In 1975 when General Franco died there were no graffiti on the walls of Spanish cities. They were clean, dead old spaces. And then it began. It was often done for fun as a way of disturbing the peace. Running away was often the best part.
In certain cities in a state of transition, Barcelona in the years after Franco, say, or Johannesburg in the years after apartheid when the artist Robin Rhode, who was born in 1976, lived there, there is something lovely about making marks on a wall; drawing on a wall is a way of brashly taking possession of a place; it is a way of dismantling an old stability without having to run for election.
Rhode brought this attitude towards the walls of a city a step further by making a joke out of it, or something that seemed like a joke. If he drew a urinal on a wall, then he literally tried to piss into it as a performance; if he drew in chalk a basketball hoop, then he photographed someone trying to jump up towards it and drop a real ball into it. If he used a bicycle in a piece, then it was almost a virtual bicycle with someone trying to ride it. And if there were shoes, then they were made of chalk so that the dancer’s trajectory was marked out on the floor.
Some of this was pure silliness and thus it was much appreciated by art students and foolish curators of whom the world is full. But some of it was too interesting and strange to be so easily dismissed. The photographs of a real cyclist and his bicycle drawn in chalk are actually very pure and beautiful, and the pictures of a man trying to mend a puncture on a life-size car drawn in chalk are very funny. The photographs of a fellow on a skateboard trying to skate along a curved line in chalk are simply ingenious. And the texture and arrangement of shape and light in a piece called ‘Stone Flag’ from 2004 – yes, the flag is made of some old bricks – made it a lightly wonderful and subtle piece of work.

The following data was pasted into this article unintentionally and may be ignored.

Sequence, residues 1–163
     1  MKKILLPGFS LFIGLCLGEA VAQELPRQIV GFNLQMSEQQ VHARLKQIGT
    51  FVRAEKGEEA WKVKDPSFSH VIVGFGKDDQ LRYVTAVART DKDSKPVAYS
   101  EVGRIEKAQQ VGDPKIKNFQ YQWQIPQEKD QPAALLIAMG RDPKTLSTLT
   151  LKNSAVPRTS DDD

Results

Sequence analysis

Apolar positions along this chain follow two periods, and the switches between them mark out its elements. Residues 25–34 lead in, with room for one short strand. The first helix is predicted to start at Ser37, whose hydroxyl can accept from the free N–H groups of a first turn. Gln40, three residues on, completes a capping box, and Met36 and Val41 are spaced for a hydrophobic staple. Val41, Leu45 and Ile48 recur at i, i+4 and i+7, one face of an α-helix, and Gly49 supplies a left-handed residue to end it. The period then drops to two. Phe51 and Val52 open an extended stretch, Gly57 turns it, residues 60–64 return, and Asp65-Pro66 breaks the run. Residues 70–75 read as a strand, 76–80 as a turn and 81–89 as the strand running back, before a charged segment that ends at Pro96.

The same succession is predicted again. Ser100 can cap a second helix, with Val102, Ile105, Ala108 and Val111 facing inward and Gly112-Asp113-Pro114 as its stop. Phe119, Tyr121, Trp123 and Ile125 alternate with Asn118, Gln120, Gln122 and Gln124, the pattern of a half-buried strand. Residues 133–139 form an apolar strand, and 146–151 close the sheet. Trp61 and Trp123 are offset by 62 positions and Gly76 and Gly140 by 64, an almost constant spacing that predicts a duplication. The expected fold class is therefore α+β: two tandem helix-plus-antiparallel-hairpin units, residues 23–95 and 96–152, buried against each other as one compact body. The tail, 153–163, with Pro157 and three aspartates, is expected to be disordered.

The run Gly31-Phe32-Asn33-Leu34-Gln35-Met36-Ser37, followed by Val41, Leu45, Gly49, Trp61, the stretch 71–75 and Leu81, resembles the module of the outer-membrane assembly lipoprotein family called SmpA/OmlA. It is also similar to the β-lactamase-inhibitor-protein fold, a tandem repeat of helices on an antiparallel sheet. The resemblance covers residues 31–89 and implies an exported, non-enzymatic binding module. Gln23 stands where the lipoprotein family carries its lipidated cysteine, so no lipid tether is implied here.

Since some of the shapes Rhode has made have the mystery of Russian Constructivist drawings, and since some of his work has the playfulness and suggestiveness of music (in 2004 he drew musical instruments on the wall and then tried to play them), or indeed dance (more than the heaviness and seriousness, say, of a literary text), then it is easy to see why Rhode became interested in Mussorgsky’s piano piece ‘Pictures at an Exhibition’ (1874) in which the music attempts to conjure up not only the pictures on the wall but a sense of a figure walking from one to the other.
Beginning at the Lincoln Center in New York, he has collaborated with the Norwegian pianist Leif Ove Andsnes in creating a set of images, animations, to accompany a performance of this music.
This has all the potential for excitement as a great big lazy yawn. And it is not helped by the artists’ efforts to explain themselves. Andsnes, for example, has said: ‘We want our collaboration to be transcendental, to be a real experience and by mixing this great piece of music with Robin’s art we are hoping to achieve that goal.’
What rescues the project is the quality of Rhode’s mind, the lack of vagueness, foolishness and earnestness in the images he makes. The minute he sees a piano, for example, he starts to think of all the funny things you could do with it – take its wires out, for example, and bring them for a walk and make them dance a bit, or get the piano and drown it, or make piano keys in chalk and let them loose.